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Category archives for Animals

Rapa Expedition: Fish Finding Their Footing

The Pristine Seas Expedition gets its first dive in at Rapa, and brings us photos from beneath the waves of the far-flung island.

Is Your Salmon Small Because of Hungry Cavemen?

Stone Age fishermen in northern Spain selected the biggest whoppers, leaving us with a smaller catch, a new study claims.

Rapa Expedition: An Ancient Secret for Protecting the Future

People have survived for centuries on the tiny island of Rapa, carefully managing their resources through an ancient system known as rahui. What lessons does it hold for the rest of the world today?

Industrial-Scale Tiger Farms: Feeding China’s Thirst for Luxury Tiger Products

Young, healthy tigers jump through rings of fire, sit upright on cue, clawing at the air, and perform other well-choreographed circus tricks. Enthusiastic crowds cheer. After the show, some pay extra to hold small, cuddly cubs. But those who visit these tiger attractions in China have no idea of the suffering behind the scenes or the dark commerce that keeps them afloat.

October 19, 2014: Creating Electricity From Food Waste, Arresting Poachers and More

This week on National Geographic Weekend radio, join host Boyd Matson and his guests as they unearth the habits of the world’s largest-ever carnivore, digest kitchen waste to cook dinner, eat like a 500 year old king, stalk Chernobyl’s ruins, trace tree rings’ roots, write a novel about elephants with a plot twist, kayak to protest dams, prosecute poachers in Mozambique, and see the unseen as a large format film.

Puppy-Size Tarantula Found: Explaining World’s Biggest Spider

The world’s largest spider has crept back into the spotlight, thanks to a scientist who described harrowing arachnid encounters on his blog.

Why a Swordfish’s Sword Doesn’t Break

A swordfish’s “sword” is its most prominent feature, but scientists have only now discovered the unusual properties that keep the sword strong and ready to slash.

CITES and confiscated elephant ivory and rhino horn – to destroy or not destroy?

Over the past 24 months we have seen a number of countries, including Belgium, Chad, China, Hong Kong SAR, China, Czech Republic, Gabon, France, Philippines, and the USA, destroy stockpiles of illegally traded elephant ivory and rhino horn that have been seized and confiscated. I have been invited by national CITES authorities to witness several…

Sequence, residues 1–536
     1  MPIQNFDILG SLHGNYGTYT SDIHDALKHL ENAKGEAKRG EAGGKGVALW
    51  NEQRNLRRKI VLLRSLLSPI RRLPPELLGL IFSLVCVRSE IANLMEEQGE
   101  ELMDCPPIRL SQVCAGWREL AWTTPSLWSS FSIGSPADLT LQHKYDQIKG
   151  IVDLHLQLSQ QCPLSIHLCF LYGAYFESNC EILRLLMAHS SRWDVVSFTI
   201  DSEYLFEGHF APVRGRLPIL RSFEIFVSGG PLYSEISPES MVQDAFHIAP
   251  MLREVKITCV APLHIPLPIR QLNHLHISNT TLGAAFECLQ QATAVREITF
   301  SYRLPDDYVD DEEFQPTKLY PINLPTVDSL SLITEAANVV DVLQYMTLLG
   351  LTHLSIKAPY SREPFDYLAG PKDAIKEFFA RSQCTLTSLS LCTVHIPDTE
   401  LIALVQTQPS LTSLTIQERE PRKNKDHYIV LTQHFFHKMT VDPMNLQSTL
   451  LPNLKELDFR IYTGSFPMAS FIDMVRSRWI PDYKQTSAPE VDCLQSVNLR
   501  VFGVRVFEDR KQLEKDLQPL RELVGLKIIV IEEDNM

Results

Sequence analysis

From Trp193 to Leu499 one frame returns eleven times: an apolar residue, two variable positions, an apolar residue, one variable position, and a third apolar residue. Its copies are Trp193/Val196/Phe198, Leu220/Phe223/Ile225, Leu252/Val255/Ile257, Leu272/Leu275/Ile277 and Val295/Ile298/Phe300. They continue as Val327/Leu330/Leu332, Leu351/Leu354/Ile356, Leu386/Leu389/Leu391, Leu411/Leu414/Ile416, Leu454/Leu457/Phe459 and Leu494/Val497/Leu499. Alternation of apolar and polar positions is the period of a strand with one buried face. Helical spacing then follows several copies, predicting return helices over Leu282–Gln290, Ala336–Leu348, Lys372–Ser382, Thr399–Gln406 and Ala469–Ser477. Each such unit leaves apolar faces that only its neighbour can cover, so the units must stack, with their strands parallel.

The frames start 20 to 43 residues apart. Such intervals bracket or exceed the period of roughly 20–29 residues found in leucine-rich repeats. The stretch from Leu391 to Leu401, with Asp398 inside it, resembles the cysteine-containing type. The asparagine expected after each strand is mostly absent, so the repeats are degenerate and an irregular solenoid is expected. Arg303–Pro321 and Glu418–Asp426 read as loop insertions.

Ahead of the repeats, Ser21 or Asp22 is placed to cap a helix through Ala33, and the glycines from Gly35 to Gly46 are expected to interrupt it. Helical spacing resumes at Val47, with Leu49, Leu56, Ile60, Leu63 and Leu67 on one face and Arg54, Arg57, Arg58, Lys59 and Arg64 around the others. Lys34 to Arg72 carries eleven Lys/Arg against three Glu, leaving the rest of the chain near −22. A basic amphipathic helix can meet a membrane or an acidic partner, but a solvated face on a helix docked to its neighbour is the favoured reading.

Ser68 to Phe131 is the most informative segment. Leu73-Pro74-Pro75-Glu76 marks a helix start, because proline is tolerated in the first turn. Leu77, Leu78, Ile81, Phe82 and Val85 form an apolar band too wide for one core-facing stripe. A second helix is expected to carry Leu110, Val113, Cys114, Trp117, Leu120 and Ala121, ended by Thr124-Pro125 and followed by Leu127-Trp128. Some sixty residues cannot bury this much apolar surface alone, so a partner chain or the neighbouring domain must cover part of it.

Roads Benefit People But Can Have Massive Environmental Costs

Road-killed tapir in Peninsular Malaysia (photo © WWF-Malaysia/Lau Ching Fong) By William F. Laurance Located in the wrong places, roads can open a Pandora’s Box of problems, says William F. Laurance In a recent Opinion in National Geographic News (“Want to make a dent in world hunger? Build better roads”, 14 October 2014), U.S. Ambassador Kenneth…

Why Did Thousands of Venomous Spiders Swarm a House?

Thousands of brown recluse spiders that forced a family from their home may have been mostly males looking for mates, scientist says.

Weird Animal Question of the Week: A Fungus That Looks Like Strawberries and Cream

This Weird Animal Question of the Week focuses on the odd world of fungi, which can resemble wiffleballs, bird’s nests, and strawberries and cream.

Why We “Celebrate” Threatened Species

Yesterday I met Lonesome George. He was the last of his kind and he is now displayed in taxidermy at the American Museum of Natural History in New York. He’s tucked away under a glass case in an alcove on the 4th floor amidst other extinct species, but, none of their extinctions are nearly as…

Report Estimates Enormous Economic Value of Living Elephants

When a young elephant dies at the hands of an ivory poacher, according to a recent report, the commercial loss to the tourism industry is more than $1.6 million–­–the amount the animal would have contributed to the economy had it lived a full and happy life.

Watch: Kickboxing Kangaroos and 4 of Nature’s Most Impressive Fighters

After video of kickboxing kangaroos went viral last week, we take a closer look at more of nature’s impressive fighters.

Putin’s Tiger – Caught in the Act!

By Zoe Jewell of Wildtrack  Last week Vladimir Putin released Kuzya, complete with electronic tracking device, but forgot to tell her she was to stay in Russia. Shortly after she swam across the freezing Amur river into China where she stopped for supper at a Chinese chicken farm take-away.  She left nothing but a few…